“GIFTS for her.” “Gifts for him.” “His and her matching synthetic bathrobes.” I spy a pattern. This holiday is all about straight people. If you’re reading this and you fall into that category, please don’t take this as attack – love is love, and worth celebrating whoever you are with. The problem here is for everyone else who isn’t straight. The conspicuous absence from this holiday prevents our participation, whilst also elevating straight love above everything else. Though it can be hard to see how one day could have much impact, it’s important to consider against the wider backdrop of discrimination LGBTQI people face. Unless you go out of your way to find something that acknowledges queer experience, which usually means preparing in advance and online shopping, you’re stuck giving one another cards with puppies or kittens as a proxy for your love. It’s worth asking why it’s still more socially acceptable to see anthropomorphised animals in love than two women or two men.

There is also an issue with the messages the holiday sends young people during adolescence – a period already mired with awkwardness and social rejection. Many may be wrestling with their sexuality or gender identity, and this holiday doesn’t reflect them in any way. Their peers can participate, but they can’t – it’s impossible not to feel discomfort at being erased from something so widely celebrated. Until anyone can walk into a supermarket and find themselves on the seasonal shelves, Valentine’s will continue to be a holiday about narrow ideals of love, in a world where we know it’s plural.

And lastly, there are are the gender stereotypes. Despite the progress we’ve made (not enough, clearly), on this magical February day men and women are reduced to pseudo-50s Don/Betty Draper figures. For men: there’s the pervading notion that they have one day a year to atone for not doing “enough”. It’s an insult to men to suggest they need a yearly reminder to be decent, loving partners. It’s also an insult to insinuate they can/do behave badly, and that it is excusable as long as they remember to put something in a box every February 14. For women, the holiday perpetuates the idea that we need romance to feel loved, or that our love has a price tag. Marketing for Valentine’s draws on stereotypical ideas of masculinity and femininity. It expresses strict divisions between the men and women, ignoring all other identities and helping to galvanise ideas and attitudes about gender.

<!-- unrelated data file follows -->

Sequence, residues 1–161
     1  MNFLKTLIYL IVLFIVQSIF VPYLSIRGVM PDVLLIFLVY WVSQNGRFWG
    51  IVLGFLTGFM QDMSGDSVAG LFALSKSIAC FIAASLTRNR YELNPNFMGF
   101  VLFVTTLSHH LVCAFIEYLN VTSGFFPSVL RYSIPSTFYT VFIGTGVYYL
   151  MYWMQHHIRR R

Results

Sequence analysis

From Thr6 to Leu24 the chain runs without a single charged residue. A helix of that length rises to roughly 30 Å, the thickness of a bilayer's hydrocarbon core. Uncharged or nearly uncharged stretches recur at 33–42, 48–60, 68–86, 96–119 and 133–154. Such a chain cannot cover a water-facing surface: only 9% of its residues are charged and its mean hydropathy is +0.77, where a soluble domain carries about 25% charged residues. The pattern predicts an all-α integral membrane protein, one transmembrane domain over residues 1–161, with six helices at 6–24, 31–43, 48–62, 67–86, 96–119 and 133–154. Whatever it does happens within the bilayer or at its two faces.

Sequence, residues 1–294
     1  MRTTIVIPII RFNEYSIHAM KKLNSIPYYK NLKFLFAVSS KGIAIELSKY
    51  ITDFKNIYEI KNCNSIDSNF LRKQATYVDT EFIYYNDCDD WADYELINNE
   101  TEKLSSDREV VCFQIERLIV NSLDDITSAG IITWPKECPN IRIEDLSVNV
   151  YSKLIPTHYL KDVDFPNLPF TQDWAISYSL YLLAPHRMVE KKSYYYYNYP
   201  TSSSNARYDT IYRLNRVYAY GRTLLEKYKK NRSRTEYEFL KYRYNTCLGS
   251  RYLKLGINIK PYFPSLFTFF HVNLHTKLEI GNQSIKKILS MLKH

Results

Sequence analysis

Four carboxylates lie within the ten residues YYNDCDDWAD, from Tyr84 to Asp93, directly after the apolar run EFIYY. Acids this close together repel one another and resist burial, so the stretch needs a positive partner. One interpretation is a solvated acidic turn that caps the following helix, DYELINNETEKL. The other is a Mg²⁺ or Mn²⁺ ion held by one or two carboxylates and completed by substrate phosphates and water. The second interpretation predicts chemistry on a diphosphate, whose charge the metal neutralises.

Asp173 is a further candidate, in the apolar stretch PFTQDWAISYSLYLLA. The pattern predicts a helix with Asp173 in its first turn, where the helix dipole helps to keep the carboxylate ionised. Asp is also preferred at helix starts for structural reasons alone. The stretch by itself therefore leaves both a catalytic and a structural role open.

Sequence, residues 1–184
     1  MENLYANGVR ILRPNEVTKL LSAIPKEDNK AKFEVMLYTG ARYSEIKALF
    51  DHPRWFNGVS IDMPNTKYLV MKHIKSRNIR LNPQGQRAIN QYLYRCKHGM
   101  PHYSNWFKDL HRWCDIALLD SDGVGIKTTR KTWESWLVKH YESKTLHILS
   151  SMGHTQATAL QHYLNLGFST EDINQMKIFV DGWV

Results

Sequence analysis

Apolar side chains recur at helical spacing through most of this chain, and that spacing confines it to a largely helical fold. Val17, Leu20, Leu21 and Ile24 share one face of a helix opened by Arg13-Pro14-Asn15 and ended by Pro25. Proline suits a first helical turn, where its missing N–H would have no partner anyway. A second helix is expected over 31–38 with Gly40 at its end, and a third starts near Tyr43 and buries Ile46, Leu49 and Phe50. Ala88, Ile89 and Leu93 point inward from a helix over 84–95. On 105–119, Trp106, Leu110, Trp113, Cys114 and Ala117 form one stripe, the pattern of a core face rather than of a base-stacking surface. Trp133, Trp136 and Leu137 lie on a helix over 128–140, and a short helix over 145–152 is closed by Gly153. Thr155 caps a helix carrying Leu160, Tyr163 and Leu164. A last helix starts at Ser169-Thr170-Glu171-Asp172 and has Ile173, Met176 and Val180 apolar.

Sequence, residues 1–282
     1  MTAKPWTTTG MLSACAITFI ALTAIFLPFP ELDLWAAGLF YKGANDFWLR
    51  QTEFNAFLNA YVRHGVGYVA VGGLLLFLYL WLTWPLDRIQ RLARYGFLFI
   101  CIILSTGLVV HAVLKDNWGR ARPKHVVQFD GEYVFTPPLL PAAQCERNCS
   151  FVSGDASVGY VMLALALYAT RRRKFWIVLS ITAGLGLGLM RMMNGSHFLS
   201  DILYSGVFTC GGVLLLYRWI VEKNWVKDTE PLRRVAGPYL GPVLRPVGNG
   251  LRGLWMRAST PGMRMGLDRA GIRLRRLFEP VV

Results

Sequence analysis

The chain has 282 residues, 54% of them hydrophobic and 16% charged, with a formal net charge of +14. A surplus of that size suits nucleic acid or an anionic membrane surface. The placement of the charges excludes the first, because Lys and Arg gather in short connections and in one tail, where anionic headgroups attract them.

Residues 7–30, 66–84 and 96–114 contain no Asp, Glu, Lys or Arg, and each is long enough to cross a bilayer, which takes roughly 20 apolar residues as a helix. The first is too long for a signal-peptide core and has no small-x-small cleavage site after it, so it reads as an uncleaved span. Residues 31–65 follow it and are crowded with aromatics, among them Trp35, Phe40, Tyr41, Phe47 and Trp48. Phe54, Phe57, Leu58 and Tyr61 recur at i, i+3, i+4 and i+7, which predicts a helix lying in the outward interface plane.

Valentine’s Day: unromantic, racist, sexist and heteronormative. Despite the day’s cutesy treatment in popular culture, it’s not just harmless fun. Exclusion and discrimination aren’t necessarily deliberate or conspicuous, but if you take a closer look you can think about how holidays like this one could be expanded to reflect the realities of life today. It’s worth remembering that love is intrinsically human, joining all of us. It knows no gender, no race, no sexuality – if we can include these ideas, then we really will have a day worth celebrating.